Background: Anastrepha ludens is among the pests that have a major impact on México's economy because it attacks fruits as citrus and mangoes. The Mexican Federal government uses integrated pest management to control A. ludens through the Programa Nacional Moscas de la Fruta [National Fruit Fly Program, SAGARPA-SENASICA]. One of the main components of this program is the sterile insect technique (SIT), which is used to control field populations of the pest by releasing sterile flies.

Results: To increase the efficiency of this technique, we have developed a genetic sexing strain (GSS) in which the sexing mechanism is based on a pupal colour dimorphism (brown-black) and is the result of a reciprocal translocation between the Y chromosome and the autosome bearing the black pupae (bp) locus. Ten strains producing wild-type (brown pupae) males and mutant (black pupae) females were isolated. Subsequent evaluations for several generations were performed in most of these strains. The translocation strain named Tapachula-7 showed minimal effect on survival and the best genetic stability of all ten strains. Genetic and cytogenetic analyses were performed using mitotic and polytene chromosomes and we succeeded to characterize the chromosomal structure of this reciprocal translocation and map the autosome breakpoint, despite the fact that the Y chromosome is not visible in polytene nuclei following standard staining.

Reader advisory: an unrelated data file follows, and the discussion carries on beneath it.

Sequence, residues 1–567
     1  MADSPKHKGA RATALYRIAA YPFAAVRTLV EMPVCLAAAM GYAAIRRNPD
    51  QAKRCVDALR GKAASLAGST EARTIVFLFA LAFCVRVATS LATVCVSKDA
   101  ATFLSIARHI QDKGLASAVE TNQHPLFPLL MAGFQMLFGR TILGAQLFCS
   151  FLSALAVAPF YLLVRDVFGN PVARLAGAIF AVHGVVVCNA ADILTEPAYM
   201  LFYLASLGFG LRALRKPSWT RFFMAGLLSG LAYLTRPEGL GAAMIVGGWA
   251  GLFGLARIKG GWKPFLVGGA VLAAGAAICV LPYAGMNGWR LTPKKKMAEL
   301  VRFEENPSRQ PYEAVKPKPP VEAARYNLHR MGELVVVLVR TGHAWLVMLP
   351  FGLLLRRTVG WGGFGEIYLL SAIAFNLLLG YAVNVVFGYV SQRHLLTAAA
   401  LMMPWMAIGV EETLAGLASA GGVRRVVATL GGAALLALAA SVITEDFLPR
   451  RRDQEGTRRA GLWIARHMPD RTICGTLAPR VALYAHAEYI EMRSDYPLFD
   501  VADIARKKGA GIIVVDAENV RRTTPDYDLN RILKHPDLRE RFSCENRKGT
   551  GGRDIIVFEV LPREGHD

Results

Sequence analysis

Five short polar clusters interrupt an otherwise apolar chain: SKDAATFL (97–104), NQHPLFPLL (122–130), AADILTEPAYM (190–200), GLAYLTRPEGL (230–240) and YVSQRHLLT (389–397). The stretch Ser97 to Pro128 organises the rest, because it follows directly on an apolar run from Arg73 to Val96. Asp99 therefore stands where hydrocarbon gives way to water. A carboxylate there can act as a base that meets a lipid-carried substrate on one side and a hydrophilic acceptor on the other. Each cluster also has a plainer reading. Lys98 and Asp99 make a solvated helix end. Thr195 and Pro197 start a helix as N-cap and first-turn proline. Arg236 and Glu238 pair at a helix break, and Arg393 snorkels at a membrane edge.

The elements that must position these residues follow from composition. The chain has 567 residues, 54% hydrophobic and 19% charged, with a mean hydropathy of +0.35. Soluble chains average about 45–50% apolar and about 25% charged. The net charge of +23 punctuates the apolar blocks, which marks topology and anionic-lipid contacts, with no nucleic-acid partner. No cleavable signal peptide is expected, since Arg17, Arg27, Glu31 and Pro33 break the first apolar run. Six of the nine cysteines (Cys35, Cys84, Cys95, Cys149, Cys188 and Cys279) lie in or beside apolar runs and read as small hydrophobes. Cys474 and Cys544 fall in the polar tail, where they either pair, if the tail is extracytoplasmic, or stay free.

Conclusions: We show that mitotic and polytene chromosomes can be used in cytogenetic analyses towards the development of genetic control methods in this pest species. The present work is the first report of the construction of GSS of Anastrepha ludens, with potential use in a future Moscafrut operational program.

Show MeSH
Related in: MedlinePlus